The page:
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Sig Riser

#1
Soon Ill be building the Sig Riser and I am planning on electrifying it but am at a loss as to what motor and battery I should use. If any of you could recommend a good set up I would appreciate it.
 

Hai-Lee

Old and Bold RC PILOT
Mentor
#2
What size gas motor does it normally take?

The simple rule is to multiply the engine capacity , (in cu in), by 2000 and the answer is the wattage required. Next step is to find out what prop is normally required as well as the motor speed range. then look for a motor of the appropriate wattage that has a KV figure multiplied by the Battery voltage that gives the correct RPMs.

Quite simple when you know how!

Have fun!
 

FAI-F1D

Free Flight Indoorist
#3
Soon Ill be building the Sig Riser and I am planning on electrifying it but am at a loss as to what motor and battery I should use. If any of you could recommend a good set up I would appreciate it.
Which size, the 2 meter or the 100?

For what it's worth, here are two power systems (one for each version) which should work very satisfyingly. Ignore the dire warnings of motor run length and overheating. You only need about 90 seconds of WOT capacity to have a very good glider powerplant. You only use two throttle settings: Wide Open and OFF. Anytime it's at WOT, the nose should be at least 45 degrees nose up.

2018-10-10 09_16_58-SIG Riser - eCalc - propCalc.png

2018-10-10 09_23_44-SIG Riser 100 - eCalc - propCalc.png
 

Merv

Active member
#4
What size gas motor does it normally take?

The simple rule is to multiply the engine capacity , (in cu in), by 2000 and the answer is the wattage required. Next step is to find out what prop is normally required as well as the motor speed range. then look for a motor of the appropriate wattage that has a KV figure multiplied by the Battery voltage that gives the correct RPMs.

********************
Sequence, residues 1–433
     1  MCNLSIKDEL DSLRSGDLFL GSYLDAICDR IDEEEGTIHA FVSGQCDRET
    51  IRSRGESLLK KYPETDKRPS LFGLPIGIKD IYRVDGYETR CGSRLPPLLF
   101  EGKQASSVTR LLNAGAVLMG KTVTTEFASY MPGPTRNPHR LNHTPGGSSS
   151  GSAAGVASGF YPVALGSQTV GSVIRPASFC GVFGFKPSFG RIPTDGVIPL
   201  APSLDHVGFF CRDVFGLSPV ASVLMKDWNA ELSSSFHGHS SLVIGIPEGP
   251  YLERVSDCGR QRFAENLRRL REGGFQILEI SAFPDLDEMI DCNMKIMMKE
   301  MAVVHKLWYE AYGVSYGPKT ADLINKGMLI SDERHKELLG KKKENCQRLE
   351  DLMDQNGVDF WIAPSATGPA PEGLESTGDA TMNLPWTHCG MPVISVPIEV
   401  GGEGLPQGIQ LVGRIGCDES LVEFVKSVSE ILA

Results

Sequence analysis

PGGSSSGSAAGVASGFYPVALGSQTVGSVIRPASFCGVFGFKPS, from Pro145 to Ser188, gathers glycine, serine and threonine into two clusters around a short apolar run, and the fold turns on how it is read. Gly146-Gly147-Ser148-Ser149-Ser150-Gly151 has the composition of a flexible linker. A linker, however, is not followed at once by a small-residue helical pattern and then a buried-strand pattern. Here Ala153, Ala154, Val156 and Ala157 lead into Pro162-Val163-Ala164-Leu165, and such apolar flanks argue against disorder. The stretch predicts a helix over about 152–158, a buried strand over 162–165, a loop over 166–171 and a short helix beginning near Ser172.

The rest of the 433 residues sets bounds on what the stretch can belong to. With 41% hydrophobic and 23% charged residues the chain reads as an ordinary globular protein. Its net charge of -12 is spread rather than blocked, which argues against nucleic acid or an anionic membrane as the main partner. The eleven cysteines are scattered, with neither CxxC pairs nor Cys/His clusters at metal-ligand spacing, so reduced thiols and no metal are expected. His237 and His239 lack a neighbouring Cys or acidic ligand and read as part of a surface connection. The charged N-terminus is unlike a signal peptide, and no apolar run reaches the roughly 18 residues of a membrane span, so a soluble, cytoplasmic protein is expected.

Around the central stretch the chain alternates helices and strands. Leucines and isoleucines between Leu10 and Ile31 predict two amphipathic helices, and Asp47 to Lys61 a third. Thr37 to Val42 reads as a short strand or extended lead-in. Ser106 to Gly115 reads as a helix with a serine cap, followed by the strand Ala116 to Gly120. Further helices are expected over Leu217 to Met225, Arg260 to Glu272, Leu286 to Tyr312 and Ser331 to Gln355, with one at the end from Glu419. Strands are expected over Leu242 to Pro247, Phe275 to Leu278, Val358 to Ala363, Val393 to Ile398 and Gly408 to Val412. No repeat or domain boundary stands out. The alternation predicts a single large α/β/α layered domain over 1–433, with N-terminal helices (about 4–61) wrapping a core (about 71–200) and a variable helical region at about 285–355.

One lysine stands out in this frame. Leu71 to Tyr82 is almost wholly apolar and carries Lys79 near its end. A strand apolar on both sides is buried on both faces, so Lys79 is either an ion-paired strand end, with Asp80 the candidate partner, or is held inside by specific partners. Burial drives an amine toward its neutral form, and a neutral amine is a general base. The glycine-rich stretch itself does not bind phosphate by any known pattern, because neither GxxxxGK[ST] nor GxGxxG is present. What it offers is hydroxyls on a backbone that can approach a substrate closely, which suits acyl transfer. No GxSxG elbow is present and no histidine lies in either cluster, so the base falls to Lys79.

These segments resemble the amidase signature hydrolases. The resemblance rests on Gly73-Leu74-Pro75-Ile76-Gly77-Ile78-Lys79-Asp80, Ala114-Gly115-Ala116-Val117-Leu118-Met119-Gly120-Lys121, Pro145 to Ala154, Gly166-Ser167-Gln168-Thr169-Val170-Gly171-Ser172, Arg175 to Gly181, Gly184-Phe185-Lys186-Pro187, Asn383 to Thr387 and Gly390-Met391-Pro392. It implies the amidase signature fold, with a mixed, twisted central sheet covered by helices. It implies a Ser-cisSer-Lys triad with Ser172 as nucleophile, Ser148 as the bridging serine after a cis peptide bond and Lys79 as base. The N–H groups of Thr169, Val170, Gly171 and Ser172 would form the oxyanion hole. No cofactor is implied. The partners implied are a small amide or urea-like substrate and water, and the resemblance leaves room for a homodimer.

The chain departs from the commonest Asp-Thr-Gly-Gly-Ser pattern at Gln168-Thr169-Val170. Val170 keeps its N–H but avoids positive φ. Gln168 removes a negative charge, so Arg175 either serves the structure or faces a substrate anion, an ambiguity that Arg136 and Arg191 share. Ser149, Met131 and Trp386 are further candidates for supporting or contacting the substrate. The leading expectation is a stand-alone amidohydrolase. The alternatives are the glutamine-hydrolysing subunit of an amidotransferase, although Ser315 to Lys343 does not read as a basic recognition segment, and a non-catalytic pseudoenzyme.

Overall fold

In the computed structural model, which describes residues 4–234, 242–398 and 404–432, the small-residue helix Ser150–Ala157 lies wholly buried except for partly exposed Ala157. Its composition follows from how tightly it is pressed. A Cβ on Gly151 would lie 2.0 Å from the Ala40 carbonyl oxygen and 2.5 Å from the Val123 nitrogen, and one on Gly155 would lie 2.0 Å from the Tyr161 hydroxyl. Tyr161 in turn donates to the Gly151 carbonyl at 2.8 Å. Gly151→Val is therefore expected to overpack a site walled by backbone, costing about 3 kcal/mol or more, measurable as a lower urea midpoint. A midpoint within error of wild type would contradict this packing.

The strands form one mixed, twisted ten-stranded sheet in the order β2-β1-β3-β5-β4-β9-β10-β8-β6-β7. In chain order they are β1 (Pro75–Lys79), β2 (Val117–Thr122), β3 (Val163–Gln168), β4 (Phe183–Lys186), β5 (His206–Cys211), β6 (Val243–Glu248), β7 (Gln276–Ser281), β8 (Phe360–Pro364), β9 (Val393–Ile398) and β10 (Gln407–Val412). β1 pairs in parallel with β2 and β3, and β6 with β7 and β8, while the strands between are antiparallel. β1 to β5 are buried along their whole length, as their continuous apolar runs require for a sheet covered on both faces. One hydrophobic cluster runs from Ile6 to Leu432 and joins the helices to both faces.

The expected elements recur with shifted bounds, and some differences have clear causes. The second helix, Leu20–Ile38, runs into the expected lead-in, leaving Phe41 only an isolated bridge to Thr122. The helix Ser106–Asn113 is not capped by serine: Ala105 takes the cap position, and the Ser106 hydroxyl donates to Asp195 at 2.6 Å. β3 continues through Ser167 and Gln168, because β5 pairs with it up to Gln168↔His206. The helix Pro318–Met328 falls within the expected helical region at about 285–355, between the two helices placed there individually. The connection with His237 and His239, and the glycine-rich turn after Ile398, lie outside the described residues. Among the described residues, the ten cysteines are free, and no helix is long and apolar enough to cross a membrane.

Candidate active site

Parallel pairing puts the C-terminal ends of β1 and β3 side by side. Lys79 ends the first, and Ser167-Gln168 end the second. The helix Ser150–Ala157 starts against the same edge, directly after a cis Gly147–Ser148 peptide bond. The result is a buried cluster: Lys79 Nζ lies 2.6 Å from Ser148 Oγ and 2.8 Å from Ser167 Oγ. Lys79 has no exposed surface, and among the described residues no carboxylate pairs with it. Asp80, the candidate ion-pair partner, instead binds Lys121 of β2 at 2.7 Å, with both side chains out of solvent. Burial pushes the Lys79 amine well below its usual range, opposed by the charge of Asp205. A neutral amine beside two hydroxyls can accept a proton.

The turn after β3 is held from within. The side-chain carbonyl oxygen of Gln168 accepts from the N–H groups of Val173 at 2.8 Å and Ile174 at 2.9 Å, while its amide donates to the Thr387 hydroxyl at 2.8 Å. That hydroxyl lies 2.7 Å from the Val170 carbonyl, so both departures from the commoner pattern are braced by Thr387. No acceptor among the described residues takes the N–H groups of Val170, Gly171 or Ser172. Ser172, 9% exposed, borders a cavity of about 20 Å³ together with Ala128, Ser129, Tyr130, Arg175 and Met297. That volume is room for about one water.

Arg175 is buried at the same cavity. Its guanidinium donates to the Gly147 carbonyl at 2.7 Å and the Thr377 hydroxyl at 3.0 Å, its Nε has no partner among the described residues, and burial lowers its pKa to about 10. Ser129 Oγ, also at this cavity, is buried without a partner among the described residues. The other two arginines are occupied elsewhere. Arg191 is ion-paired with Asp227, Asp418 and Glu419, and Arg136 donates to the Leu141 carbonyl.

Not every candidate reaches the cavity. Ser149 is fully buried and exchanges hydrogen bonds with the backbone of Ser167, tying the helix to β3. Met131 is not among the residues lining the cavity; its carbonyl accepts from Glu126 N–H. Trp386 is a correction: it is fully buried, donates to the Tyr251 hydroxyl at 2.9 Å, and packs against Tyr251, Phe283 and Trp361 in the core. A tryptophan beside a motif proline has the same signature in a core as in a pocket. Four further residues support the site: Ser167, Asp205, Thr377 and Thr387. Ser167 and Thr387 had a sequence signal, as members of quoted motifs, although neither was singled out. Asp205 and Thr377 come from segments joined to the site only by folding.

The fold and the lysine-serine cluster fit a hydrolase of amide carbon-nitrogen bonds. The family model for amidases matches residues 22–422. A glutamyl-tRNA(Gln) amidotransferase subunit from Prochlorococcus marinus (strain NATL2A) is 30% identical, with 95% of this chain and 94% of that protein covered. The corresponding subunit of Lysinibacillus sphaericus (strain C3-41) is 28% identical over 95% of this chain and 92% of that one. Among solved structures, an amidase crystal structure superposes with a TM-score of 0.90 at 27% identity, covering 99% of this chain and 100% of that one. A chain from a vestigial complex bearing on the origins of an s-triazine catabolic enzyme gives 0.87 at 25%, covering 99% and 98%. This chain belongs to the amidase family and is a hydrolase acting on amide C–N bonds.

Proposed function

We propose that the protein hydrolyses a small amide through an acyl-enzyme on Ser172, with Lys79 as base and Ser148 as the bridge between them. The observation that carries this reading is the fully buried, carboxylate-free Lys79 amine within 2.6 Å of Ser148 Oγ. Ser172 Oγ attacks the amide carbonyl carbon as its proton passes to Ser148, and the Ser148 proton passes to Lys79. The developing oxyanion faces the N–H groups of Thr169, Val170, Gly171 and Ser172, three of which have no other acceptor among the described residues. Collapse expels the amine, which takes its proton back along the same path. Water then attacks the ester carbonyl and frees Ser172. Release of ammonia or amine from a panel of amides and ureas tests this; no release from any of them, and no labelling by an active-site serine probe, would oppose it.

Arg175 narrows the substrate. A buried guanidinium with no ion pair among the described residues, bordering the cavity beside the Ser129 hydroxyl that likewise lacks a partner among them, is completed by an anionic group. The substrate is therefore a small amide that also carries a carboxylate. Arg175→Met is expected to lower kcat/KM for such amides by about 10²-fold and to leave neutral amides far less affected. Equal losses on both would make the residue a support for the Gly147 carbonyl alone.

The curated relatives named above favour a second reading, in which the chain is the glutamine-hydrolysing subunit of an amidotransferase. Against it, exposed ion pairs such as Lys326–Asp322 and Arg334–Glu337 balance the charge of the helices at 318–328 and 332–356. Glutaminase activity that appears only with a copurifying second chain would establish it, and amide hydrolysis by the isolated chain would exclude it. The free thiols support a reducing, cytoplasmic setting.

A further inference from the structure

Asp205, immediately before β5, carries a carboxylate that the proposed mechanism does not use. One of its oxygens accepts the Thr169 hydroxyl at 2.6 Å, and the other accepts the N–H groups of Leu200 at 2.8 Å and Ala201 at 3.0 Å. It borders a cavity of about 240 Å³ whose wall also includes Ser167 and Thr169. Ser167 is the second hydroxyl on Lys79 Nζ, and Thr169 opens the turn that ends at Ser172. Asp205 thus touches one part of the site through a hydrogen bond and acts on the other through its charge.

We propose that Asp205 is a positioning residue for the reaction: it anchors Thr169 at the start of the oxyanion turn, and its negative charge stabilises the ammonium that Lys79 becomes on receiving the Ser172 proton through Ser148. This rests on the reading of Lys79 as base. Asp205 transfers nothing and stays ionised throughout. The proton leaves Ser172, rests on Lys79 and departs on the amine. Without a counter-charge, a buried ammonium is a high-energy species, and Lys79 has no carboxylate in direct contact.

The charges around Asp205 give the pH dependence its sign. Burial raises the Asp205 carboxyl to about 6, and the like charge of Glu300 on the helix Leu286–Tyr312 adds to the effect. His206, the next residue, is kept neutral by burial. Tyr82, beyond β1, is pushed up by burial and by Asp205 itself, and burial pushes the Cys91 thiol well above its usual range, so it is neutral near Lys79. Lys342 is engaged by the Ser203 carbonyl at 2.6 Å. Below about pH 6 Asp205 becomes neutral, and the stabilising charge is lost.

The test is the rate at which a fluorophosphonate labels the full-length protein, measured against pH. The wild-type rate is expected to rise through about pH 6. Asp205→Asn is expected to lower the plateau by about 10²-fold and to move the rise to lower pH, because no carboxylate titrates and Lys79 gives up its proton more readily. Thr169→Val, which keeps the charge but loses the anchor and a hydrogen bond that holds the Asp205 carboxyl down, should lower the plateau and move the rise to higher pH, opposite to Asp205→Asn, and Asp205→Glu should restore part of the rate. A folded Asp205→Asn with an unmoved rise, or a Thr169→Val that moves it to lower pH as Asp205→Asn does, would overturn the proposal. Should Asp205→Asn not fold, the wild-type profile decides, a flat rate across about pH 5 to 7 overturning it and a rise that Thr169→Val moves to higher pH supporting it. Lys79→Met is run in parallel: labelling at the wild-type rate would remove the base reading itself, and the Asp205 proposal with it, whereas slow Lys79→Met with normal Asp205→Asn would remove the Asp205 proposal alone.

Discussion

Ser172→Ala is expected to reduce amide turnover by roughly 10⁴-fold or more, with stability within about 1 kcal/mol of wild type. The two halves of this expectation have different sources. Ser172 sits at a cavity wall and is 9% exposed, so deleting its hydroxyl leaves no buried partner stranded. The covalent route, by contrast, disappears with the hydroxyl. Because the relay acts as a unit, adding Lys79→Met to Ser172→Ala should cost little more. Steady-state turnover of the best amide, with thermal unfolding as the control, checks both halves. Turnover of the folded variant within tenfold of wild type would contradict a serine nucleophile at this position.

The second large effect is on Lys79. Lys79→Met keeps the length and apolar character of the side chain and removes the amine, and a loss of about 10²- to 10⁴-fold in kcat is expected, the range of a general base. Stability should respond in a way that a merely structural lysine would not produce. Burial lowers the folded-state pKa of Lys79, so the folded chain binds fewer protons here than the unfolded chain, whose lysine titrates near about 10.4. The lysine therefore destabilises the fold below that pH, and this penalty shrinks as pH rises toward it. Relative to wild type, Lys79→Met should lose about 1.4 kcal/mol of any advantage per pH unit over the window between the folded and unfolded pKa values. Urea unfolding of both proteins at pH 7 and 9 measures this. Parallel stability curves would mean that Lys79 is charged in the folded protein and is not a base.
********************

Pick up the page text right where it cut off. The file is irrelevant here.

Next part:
Quite simple when you know how!

Have fun!

Great idea, thanks for sharing
 

FAI-F1D

Free Flight Indoorist
#5
What size gas motor does it normally take?

The simple rule is to multiply the engine capacity , (in cu in), by 2000 and the answer is the wattage required. Next step is to find out what prop is normally required as well as the motor speed range. then look for a motor of the appropriate wattage that has a KV figure multiplied by the Battery voltage that gives the correct RPMs.

Quite simple when you know how!

Have fun!
Great idea, thanks for sharing
Well it's a great idea for powered models, but the Riser, being a sailplane, isn't engine powered, so there's no data to start with there.
 
#6
Well it's a great idea for powered models, but the Riser, being a sailplane, isn't engine powered, so there's no data to start with there.

Didn’t know it was a sailplane. I’d go with another rule of thumb, watts per pound. My guess, something in the 50-100 watts per pound range. An internet search will turn up many articles to explain the concept, it comes down to how do you want to fly, fast or slow.

https://www.rc-airplane-world.com/watts-per-pound.html
 

FAI-F1D

Free Flight Indoorist
#7
Didn’t know it was a sailplane. I’d go with another rule of thumb, watts per pound. My guess, something in the 50-100 watts per pound range. An internet search will turn up many articles to explain the concept, it comes down to how do you want to fly, fast or slow.

https://www.rc-airplane-world.com/watts-per-pound.html
Much too low for a sailplane. The entire goal is to use the motor as little as possible, and that generally implies a minimum 1.5:1 thrust:weight ratio so you can get it up there quick. You run a light battery so there's usually only capacity for about 90 seconds of wide open throttle. And that's mild compared to free flight electrics where the low end is 300 W/lb.

I would also say whoever wrote that guide on R/C Airplane World seriously never consulted people who actually fly some of the classes he mentioned. Most SAM folks (you know, the purists of old-timers) would laugh in his face at the suggestion of 50-80 W/lb. Yeah...they start around 200.